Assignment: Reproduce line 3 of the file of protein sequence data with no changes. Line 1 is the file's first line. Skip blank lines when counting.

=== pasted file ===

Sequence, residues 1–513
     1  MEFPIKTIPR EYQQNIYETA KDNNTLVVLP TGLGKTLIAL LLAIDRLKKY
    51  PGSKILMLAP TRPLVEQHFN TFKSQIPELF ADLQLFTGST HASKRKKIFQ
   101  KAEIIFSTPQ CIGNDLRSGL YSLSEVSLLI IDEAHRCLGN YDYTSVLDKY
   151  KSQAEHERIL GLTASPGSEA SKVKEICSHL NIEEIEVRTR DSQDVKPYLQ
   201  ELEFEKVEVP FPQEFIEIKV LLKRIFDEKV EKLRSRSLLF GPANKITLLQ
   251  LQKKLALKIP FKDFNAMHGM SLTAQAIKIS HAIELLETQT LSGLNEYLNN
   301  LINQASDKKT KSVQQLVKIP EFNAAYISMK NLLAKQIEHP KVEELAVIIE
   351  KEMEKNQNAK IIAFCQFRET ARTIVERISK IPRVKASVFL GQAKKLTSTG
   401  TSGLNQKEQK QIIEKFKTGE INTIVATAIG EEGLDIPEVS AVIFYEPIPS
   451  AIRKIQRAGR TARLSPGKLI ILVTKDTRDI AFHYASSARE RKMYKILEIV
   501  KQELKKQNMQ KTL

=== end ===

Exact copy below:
    51  PGSKILMLAP TRPLVEQHFN TFKSQIPELF ADLQLFTGST HASKRKKIFQ